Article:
By some accounts, tribal gaming accounts for approximately one-third of total lawful commercial and tribal gambling in the United States.
Interstate Horseracing Act
The Interstate Horseracing Act (IHA) was enacted in 1978:
to regulate interstate commerce with respect to wagering on horseracing, in order to further the horseracing and legal off-track betting industries in the United States.
It provides that:
[n]o person may accept an interstate off-track wager except as provided in this [Act].
The IHA was amended in 2000 to clarify that it permits remote wagering over the phone, internet or other electronic media. The statute now defines an ‘interstate off-track wager’ as a:
legal wager placed or accepted in one state with respect to the outcome of a horserace taking place in another state and includes pari-mutuel wagers, where lawful in each state involved, placed or transmitted by an individual in one state via telephone or other electronic media and accepted by an off-track betting system in the same or another state.
Thus, an interstate pari-mutuel wager placed or transmitted by an individual customer is an ‘interstate off-track wager’ permitted under the IHA if it meets two requirements:
a it must be ‘lawful in each state involved’; and
b it must be accepted by an ‘off-track betting system’.
Such systems must be ‘conducted by the state or licensed and otherwise permitted by state law.’
The IHA also sets forth a framework for the agreements that are required with host racetracks in order to permit simulcasts of the races and the acceptance of wagers on those races. The IHA requires the consent of five different parties for any off-track wagering agreement.
There has been much discussion in the academic literature and among gaming lawyers as to the relationship between the IHA, which permits interstate off-track wagers, and the Wire Act, which prohibits them (as a species of sporting event). The US Department of Justice has taken the position – although only in public statements, never in an actual prosecution – that the Wire Act prohibition continues to apply, notwithstanding the IHA.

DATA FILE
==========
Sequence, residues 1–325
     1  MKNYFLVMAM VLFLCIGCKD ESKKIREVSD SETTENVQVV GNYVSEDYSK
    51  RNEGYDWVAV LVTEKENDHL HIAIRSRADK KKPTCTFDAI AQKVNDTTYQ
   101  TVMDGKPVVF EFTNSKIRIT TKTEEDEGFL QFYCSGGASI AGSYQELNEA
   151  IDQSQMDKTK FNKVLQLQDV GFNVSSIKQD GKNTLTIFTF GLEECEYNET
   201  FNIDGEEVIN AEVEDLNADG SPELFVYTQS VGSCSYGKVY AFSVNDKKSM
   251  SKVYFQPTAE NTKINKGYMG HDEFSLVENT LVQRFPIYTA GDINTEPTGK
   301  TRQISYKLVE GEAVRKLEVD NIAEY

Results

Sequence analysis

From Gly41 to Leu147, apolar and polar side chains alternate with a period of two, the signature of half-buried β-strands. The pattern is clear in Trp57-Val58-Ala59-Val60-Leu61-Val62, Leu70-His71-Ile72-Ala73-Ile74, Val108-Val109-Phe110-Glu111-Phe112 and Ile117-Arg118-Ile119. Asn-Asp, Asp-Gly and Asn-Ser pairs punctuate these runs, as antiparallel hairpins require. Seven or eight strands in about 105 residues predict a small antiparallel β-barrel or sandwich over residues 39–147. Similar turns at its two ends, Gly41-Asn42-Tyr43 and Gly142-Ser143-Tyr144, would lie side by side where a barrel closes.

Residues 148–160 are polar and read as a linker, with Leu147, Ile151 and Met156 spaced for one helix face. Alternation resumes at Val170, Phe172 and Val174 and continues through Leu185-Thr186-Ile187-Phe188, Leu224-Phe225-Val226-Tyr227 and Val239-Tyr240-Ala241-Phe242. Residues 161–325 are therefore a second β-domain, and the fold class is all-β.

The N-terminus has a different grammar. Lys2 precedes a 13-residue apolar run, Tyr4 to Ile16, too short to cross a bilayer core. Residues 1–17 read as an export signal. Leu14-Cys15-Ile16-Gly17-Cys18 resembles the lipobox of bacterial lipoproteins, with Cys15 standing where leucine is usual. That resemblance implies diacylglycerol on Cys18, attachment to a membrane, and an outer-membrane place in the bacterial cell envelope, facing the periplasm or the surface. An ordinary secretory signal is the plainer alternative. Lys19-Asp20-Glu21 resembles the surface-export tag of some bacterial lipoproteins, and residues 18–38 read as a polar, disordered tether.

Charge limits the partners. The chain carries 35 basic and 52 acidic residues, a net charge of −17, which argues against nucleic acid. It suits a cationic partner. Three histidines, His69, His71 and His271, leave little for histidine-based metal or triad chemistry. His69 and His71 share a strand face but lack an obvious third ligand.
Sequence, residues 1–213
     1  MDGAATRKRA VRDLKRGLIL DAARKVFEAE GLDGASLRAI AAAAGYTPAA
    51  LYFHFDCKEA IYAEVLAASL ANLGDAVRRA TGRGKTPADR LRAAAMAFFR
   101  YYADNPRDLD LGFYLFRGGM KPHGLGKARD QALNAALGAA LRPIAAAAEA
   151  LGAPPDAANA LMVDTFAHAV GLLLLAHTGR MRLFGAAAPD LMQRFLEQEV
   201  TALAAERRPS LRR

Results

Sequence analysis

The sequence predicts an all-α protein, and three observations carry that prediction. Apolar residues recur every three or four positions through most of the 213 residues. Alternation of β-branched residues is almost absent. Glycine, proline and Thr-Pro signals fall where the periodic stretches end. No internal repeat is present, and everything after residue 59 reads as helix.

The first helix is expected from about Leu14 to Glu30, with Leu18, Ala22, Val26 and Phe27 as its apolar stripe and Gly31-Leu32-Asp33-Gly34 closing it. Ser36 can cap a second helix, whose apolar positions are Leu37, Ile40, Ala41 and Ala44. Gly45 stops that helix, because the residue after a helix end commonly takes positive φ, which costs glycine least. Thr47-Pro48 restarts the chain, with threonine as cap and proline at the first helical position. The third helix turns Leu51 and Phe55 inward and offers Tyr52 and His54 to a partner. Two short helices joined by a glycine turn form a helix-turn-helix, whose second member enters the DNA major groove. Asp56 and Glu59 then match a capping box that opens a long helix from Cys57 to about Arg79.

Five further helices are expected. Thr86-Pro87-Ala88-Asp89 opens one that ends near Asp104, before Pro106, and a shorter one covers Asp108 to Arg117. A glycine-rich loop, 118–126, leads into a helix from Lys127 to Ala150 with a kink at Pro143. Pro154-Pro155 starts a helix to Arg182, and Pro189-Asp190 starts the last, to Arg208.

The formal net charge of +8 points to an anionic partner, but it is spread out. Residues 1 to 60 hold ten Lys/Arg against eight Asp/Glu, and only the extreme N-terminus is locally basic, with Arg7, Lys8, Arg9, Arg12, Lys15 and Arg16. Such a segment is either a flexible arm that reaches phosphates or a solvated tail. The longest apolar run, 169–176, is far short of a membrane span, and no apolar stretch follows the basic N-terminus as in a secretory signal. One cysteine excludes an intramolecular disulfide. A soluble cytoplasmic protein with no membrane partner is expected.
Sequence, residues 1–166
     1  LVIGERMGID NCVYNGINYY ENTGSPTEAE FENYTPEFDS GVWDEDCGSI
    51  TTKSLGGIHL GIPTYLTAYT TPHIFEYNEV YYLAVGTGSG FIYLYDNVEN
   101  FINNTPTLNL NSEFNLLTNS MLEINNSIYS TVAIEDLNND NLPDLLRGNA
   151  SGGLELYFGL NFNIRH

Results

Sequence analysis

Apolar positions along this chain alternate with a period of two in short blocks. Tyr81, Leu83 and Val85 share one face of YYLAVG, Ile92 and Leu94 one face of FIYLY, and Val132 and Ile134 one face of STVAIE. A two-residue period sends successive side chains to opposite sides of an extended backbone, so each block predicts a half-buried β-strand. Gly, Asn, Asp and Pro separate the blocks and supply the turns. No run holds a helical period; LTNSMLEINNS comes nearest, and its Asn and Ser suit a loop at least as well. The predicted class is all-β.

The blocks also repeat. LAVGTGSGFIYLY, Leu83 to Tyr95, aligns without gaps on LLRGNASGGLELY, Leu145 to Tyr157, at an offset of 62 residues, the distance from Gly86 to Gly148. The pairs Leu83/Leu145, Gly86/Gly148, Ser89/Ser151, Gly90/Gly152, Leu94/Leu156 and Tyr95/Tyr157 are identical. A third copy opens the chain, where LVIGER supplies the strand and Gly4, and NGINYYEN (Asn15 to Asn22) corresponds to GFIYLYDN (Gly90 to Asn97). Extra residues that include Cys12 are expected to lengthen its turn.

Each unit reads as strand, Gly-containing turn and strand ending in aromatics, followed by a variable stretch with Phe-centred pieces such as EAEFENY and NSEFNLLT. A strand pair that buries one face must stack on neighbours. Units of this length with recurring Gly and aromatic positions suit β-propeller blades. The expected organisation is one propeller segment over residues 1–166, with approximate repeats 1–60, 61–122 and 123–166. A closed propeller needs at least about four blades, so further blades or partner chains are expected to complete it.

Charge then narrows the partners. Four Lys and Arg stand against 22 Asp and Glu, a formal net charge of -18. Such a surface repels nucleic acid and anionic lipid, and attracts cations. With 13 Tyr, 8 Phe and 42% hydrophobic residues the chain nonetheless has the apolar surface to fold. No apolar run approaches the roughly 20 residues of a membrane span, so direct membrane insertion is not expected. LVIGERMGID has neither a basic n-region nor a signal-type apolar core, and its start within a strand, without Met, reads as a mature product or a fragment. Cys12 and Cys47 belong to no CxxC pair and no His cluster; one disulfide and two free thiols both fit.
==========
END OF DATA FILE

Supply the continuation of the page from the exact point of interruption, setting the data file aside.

By contrast, the consensus of most scholars and practitioners in the space – and that of the authors – is that the IHA, as both the more specific and more recent statute, trumps the Wire Act ban, so long as the wager complies with the IHA’s requirements. Indeed, for quite some time, the advance-deposit-wager industry has broadly accepted online horse race wagers pursuant to the statute on precisely that premise, and the federal government has taken no steps to stop that activity.
The Unlawful Internet Gambling Enforcement Act
Congress enacted the Unlawful Internet Gambling Enforcement Act of 2006 (UIGEA) to attack the perceived problem of internet gambling by targeting the processing of the financial transactions necessary for the gambling to take place. The UIGEA created a federal crime: being aware of the receipt by a person ‘in the business of betting or wagering’ of monies in connection with participation of another person in ‘unlawful internet gambling’. It also directed the issuance of regulations designed to require financial transaction providers to identify and block payments involving unlawful internet gambling.
Moreover, the statute defined ‘unlawful internet gambling’ to mean a ‘bet or wager [that] is unlawful under any applicable federal or state law in the state or tribal lands in which the bet or wager is initiated, received, or otherwise made’. That was the first (and remains the only) time that the term has been defined as a matter of federal law.
In turn, ‘bet or wager’ is defined to mean:
the staking or risking by any person of something of value upon the outcome of a contest of others, a sporting event, or a game subject to chance, upon an agreement or understanding that the person or another person will receive something of value in the event of a certain outcome.
The UIGEA provides an express safe harbour for fantasy sports competitions, excluding them from the definition of a ‘bet or wager’ under the statute if they satisfy three criteria:
a ‘All prizes and awards offered to winning participants are established and made known to the participants in advance of the game or contest and their value is not determined by the number of participants or the amount of any fees paid by those participants.’
b ‘All winning outcomes reflect the relative knowledge and skill of the participants and are determined predominantly by accumulated statistical results of the performance of individuals (athletes in the case of sports events) in multiple real-world sporting or other events.’